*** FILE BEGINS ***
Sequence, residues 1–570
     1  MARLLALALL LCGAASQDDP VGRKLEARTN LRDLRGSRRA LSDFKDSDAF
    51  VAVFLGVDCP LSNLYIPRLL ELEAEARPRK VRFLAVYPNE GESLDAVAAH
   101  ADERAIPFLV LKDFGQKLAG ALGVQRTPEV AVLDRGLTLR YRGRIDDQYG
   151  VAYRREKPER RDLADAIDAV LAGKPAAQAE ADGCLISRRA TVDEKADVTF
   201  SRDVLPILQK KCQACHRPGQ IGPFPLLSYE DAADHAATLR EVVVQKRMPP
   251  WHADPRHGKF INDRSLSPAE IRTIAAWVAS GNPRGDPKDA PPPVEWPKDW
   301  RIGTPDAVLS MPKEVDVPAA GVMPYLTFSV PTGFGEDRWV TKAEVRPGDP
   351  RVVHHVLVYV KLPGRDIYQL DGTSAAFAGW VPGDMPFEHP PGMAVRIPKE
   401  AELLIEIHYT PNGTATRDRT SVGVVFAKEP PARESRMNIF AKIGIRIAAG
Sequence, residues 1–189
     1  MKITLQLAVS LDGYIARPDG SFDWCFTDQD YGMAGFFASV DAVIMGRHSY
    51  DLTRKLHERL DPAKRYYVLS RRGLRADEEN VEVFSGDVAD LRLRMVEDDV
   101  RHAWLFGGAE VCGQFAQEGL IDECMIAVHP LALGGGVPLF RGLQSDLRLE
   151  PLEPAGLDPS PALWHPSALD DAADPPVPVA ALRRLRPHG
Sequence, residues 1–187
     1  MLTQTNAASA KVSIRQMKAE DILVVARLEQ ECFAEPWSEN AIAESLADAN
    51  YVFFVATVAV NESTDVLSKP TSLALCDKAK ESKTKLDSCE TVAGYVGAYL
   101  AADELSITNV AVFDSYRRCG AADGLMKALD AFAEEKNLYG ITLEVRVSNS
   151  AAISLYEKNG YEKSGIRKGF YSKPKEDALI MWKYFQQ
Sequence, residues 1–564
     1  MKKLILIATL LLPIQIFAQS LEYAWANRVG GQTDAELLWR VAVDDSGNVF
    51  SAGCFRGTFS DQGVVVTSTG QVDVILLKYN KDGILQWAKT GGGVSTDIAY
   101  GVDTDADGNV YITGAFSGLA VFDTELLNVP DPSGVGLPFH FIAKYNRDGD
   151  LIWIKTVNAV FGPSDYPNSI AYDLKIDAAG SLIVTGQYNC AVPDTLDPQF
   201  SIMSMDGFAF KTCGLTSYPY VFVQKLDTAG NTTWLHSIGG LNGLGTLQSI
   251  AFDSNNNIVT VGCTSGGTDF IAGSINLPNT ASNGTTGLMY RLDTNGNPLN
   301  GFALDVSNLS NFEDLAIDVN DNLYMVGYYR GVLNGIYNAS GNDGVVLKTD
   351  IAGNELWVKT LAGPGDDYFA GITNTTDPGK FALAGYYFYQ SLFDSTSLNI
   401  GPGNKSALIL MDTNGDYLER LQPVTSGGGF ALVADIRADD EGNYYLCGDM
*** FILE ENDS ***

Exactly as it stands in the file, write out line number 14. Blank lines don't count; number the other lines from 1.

   101  RHAWLFGGAE VCGQFAQEGL IDECMIAVHP LALGGGVPLF RGLQSDLRLE